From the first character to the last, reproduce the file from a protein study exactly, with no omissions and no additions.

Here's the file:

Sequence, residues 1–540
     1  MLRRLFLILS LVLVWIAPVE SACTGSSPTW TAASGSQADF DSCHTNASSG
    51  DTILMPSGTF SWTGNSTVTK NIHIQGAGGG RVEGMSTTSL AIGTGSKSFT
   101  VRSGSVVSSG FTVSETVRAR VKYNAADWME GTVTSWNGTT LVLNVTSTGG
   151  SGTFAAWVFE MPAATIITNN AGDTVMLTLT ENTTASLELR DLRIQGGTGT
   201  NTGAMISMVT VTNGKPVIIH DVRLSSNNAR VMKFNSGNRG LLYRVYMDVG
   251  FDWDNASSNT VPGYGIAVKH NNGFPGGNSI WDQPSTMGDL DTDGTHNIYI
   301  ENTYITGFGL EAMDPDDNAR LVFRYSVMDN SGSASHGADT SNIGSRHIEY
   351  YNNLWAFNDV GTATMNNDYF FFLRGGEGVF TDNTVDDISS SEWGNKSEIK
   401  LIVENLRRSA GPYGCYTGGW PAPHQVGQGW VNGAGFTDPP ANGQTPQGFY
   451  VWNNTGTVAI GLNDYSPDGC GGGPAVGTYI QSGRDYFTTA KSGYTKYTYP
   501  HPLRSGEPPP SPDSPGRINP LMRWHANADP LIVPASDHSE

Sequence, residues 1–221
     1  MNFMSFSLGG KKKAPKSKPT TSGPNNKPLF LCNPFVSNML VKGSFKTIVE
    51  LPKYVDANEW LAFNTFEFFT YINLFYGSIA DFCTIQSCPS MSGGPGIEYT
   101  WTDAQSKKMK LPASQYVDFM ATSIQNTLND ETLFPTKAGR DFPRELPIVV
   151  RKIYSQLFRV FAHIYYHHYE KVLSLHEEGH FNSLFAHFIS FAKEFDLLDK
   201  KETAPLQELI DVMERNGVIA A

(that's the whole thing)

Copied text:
Sequence, residues 1–540
     1  MLRRLFLILS LVLVWIAPVE SACTGSSPTW TAASGSQADF DSCHTNASSG
    51  DTILMPSGTF SWTGNSTVTK NIHIQGAGGG RVEGMSTTSL AIGTGSKSFT
   101  VRSGSVVSSG FTVSETVRAR VKYNAADWME GTVTSWNGTT LVLNVTSTGG
   151  SGTFAAWVFE MPAATIITNN AGDTVMLTLT ENTTASLELR DLRIQGGTGT
   201  NTGAMISMVT VTNGKPVIIH DVRLSSNNAR VMKFNSGNRG LLYRVYMDVG
   251  FDWDNASSNT VPGYGIAVKH NNGFPGGNSI WDQPSTMGDL DTDGTHNIYI
   301  ENTYITGFGL EAMDPDDNAR LVFRYSVMDN SGSASHGADT SNIGSRHIEY
   351  YNNLWAFNDV GTATMNNDYF FFLRGGEGVF TDNTVDDISS SEWGNKSEIK
   401  LIVENLRRSA GPYGCYTGGW PAPHQVGQGW VNGAGFTDPP ANGQTPQGFY
   451  VWNNTGTVAI GLNDYSPDGC GGGPAVGTYI QSGRDYFTTA KSGYTKYTYP
   501  HPLRSGEPPP SPDSPGRINP LMRWHANADP LIVPASDHSE

Sequence, residues 1–221
     1  MNFMSFSLGG KKKAPKSKPT TSGPNNKPLF LCNPFVSNML VKGSFKTIVE
    51  LPKYVDANEW LAFNTFEFFT YINLFYGSIA DFCTIQSCPS MSGGPGIEYT
   101  WTDAQSKKMK LPASQYVDFM ATSIQNTLND ETLFPTKAGR DFPRELPIVV
   151  RKIYSQLFRV FAHIYYHHYE KVLSLHEEGH FNSLFAHFIS FAKEFDLLDK
   201  KETAPLQELI DVMERNGVIA A